Pharmacy Product Info

Thursday, December 07, 2006

Drug interaction

A drug interaction is a situation in which a substance affects the movement of a drug, i.e. the effects are increased or decreased, or they create a new effect that neither produces on its own. Classically, interaction between drugs comes to mind (drug-drug interaction). However, interactions may also survive between drugs & foods (drug-food interactions), as well as drugs & herbs (drug-herb interactions).

Generally speaking, drug interactions are greatest avoided, due to the possibility of poor or surprising outcomes. However, in some instances, drug interactions have been intentionally used to great effect, such as the co-administration of probenecid with penicillin proceeding to mass production of penicillin. Because penicillin was difficult to manufacture, it was worthwhile to find a way to decrease the amount of penicillin required for a course of therapy. Since probenecid reduces the emission of penicillin from the body, a dose of penicillin will stay around the body for a longer period of time when taken with probenecid. Hence, probenecid allows individuals to take less penicillin over classes of therapy. In the present day, probenecid is usually no longer used for this purpose, since penicillin is now produced on a large-scale basis.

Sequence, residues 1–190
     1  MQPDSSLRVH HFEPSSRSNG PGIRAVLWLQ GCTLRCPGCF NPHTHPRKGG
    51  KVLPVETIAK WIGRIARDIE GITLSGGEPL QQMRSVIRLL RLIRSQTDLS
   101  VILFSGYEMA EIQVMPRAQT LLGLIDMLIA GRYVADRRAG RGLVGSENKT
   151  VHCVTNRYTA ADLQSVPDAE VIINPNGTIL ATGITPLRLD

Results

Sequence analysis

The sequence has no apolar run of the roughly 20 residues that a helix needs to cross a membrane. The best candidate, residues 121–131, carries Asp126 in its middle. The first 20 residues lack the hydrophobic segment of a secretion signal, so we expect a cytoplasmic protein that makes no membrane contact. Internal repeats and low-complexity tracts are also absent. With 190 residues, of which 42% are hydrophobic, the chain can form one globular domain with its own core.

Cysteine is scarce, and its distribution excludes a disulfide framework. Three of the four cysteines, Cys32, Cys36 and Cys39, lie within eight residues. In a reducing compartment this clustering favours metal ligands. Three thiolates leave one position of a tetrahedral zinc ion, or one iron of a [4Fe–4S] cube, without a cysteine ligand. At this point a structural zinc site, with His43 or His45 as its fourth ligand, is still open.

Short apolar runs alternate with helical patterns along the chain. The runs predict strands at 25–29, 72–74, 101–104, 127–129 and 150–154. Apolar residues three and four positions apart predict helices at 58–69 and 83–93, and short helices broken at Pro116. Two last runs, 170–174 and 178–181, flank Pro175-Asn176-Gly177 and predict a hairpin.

A contemporary example of a drug interaction used as a benefit is the co-administration of carbidopa with levodopa (obtainable as Carbidopa/levodopa). Levodopa is used in the management of Parkinson's disease and must attain the brain in an un-metabolized state to be beneficial. When given by itself, levodopa is metabolized in the peripheral tissues exterior the brain, which decreases the effectiveness of the drug and increases the risk of unfavorable effects. However, since carbidopa inhibits the peripheral metabolism of levodopa, the co-administration of carbidopa with levodopa allows extra levodopa to reach the brain un-metabolized and also reduces the risk of side effects.

Drug interactions may be the result of different processes. These processes may include alterations in the pharmacokinetics of the drug, such as alterations in the Absorption, Distribution, Metabolism, and Excretion (ADME) of a drug. Alternatively, drug interactions may be the effect of the pharmacodynamic properties of the drug, e.g. the co-administration of a receptor adversary and an agonist for the same receptor.


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